PhD-defence by Francis Fogue Kuate

15 December 2017

On 12 December 2017 Francis Fogue Kuate defended his dissertation Médias et coexistenceentre musulmans et chrétiens au nord-Cameroun : de la période coloniale française au débutdu XXIème siècle at Utrecht University. Written in French, it offers a detailed, long-term analysis of the use of mass media, especially radio, as a state-employed instrument to shaperelations between Muslims and Christians in North Cameroon. The thesis was supervised byProf Dr Gilbert Taguem Fah and Prof Dr Birgit Meyer.


Read the summary in English for more information:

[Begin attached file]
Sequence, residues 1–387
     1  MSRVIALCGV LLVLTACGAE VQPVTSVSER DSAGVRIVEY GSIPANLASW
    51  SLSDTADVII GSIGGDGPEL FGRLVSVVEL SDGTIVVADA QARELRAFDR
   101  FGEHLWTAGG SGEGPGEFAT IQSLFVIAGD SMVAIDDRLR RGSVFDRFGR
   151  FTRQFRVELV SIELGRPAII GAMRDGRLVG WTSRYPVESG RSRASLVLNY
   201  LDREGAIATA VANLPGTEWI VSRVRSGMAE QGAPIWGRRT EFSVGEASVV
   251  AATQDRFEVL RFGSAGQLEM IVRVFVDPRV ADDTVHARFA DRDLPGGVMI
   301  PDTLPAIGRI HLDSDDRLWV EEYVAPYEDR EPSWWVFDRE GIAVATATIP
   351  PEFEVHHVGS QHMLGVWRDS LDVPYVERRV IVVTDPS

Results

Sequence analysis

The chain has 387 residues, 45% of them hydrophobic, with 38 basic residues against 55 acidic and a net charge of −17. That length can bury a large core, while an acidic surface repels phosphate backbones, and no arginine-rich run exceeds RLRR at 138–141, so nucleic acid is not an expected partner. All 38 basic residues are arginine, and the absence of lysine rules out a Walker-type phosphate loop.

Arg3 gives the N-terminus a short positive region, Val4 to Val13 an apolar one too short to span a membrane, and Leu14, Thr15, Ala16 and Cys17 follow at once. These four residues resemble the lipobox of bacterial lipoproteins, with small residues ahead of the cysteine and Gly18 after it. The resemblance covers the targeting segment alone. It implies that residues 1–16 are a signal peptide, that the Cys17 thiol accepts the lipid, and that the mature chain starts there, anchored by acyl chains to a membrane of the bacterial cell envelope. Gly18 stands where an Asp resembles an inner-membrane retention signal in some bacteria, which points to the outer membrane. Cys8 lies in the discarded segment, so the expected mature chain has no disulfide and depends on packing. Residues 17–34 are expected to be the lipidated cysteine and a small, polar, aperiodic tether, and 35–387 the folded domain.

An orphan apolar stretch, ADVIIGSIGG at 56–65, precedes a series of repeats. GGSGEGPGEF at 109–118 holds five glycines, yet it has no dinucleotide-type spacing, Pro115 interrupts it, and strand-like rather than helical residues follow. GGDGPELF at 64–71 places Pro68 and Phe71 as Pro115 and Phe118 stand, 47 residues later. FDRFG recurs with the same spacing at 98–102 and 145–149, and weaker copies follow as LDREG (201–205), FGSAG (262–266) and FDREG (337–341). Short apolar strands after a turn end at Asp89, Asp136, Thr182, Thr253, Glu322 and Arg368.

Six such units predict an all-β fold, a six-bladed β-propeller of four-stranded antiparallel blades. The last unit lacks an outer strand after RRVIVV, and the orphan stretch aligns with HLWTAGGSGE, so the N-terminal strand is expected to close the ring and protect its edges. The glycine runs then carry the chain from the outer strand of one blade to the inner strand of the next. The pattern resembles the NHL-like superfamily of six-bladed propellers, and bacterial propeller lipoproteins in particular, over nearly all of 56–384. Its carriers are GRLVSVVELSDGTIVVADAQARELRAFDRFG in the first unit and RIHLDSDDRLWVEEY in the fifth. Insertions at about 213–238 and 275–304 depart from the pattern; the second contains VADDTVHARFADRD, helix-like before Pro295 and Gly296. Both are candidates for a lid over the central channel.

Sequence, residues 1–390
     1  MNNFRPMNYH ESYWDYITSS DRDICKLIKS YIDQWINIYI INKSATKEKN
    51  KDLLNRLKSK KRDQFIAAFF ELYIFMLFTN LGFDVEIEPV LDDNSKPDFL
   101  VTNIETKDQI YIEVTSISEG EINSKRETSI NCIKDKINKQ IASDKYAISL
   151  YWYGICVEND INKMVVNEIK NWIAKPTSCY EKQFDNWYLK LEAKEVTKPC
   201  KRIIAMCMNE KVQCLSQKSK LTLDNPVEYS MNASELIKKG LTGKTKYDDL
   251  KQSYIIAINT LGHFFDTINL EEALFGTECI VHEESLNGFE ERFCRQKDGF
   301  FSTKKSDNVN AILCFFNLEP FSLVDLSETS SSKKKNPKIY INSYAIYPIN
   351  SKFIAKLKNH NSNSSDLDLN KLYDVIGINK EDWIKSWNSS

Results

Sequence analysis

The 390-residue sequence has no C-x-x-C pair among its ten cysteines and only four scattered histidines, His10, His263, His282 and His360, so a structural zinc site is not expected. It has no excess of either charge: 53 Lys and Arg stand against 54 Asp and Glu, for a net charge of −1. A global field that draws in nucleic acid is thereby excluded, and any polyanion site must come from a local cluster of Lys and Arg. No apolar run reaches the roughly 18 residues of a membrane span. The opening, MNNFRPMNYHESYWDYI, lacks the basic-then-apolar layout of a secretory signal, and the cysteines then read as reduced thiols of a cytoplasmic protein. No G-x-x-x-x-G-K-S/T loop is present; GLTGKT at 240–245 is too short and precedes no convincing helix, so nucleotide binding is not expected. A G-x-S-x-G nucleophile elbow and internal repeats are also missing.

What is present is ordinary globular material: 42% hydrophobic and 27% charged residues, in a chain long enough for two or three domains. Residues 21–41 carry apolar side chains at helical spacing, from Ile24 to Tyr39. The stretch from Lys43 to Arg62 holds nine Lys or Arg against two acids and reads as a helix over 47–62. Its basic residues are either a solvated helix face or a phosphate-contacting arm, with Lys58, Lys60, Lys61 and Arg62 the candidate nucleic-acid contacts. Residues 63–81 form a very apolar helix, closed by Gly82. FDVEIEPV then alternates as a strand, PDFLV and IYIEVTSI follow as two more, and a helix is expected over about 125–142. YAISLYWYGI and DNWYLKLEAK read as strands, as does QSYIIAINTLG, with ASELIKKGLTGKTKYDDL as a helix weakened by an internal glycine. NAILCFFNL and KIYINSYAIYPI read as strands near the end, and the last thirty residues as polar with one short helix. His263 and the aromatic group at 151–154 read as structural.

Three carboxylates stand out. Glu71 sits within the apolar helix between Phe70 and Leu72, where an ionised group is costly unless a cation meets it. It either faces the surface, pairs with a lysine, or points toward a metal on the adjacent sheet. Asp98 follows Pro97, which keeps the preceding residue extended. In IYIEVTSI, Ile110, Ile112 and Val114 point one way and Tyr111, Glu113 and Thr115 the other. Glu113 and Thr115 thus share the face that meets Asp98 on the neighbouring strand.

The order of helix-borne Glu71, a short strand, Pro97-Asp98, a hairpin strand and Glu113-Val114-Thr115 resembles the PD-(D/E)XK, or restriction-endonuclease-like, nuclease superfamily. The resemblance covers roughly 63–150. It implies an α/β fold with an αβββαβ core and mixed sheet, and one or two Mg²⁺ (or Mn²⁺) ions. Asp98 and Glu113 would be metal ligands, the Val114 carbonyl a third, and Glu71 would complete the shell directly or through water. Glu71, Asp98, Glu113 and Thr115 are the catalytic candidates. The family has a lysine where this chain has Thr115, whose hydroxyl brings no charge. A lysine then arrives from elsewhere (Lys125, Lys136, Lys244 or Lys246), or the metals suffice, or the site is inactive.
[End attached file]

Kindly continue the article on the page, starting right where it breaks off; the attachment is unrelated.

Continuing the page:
This thesis explores the interplay between media, politics and religion in Northern Cameroon,from the French colonial period (1916-1960) to the beginning of the 21 st century. Invoking post-colonial theory (Mbembe 2000), the political economy of communication theory (Mosco2008), and neo-patrimonialism (Médard 2000), the analysis seeks to trace the influence of broadcasting on the religious and political spheres in a context characterized -since the 19th century- by the Fulani hegemony over the non-Muslims also known as Kirdi. It contributes to both the literature on the political role of media in Cameroon and the debate on Muslims and non-Muslims relations in multi-religious settings. The work is grounded in qualitative and quantitative data collected through interviews, observations and questionnaires in the main cities of Northern Cameroon (Ngaoundere, Garoua and Maroua). Through its six chapters, the thesis argues that since the French colonial period there have been reciprocal influences between the media-sphere and the relationships between Muslims and Christians in Northern Cameroon. The first chapter lays emphasis on the processes through which Northern Cameroon became a multi-religious setting in the aftermath of the Jihad (19th century) and the arrival of Christian missions (1920s). Subsequently, the second chapter shows how Radio Garoua was created in 1958 by the French colonial administration, in order to support its policy towards Islam. This paved the way for the influence of mass media in framing Muslim-Christian relationships. When Cameroon earned its independence in 1960 with Ahmadou Ahidjo -a Muslim from Garoua- as the first President, Radio Garoua became vital in reinforcing the ongoing Islamic hegemony in Northern Cameroon. But with the resignation of Ahidjo (1982) and the coming to power of Paul Biya –a Christian from the South- and the 1984 coup attempt that followed, Muslims lost control over Radio Garoua. In 1984, Biya’s regime reduced the influence of this radio station by creating two other stations in Ngaoundere and Maroua, as discussed in chapter three. In 1987, these state-radio station sbecame part of the national media body known as Cameroon Radio Television (CRTV). The latter inaugurated a collaboration with Sawtu Linjiila; an audiovisual production house founded in 1962 in Ngaoundere with the aim of facilitating the acceptance of Christians by Muslims and also restricting the spread of Islam southwards (chapter four). The fifth chapter demonstrates how this collaboration underlayed the marginalization of Muslims in radio programs and the agency of non-Muslims. Unlike Ahidjo, Biya appointed essentially Christian top managers and Christian programs were promoted to the detriment of Islam. Informed by political rationales, this marginalization policy of Islam reinforced the neo-patrimonialisation of broadcasting in Northern Cameroon. Focusing on some community based radio stations (Radio Dana, FM Bénoué), and some confessional media (Sawtu Linjiila,Radio Bonne Nouvelle, Radio Salaaman and Radio Annour), the last chapter deals with the involvement of non-state- run radios in the coexistence between Muslims and Christians. This involvement goes along with the borrowing of religious forms, as Muslims adopted radio for religious purposes after Christians.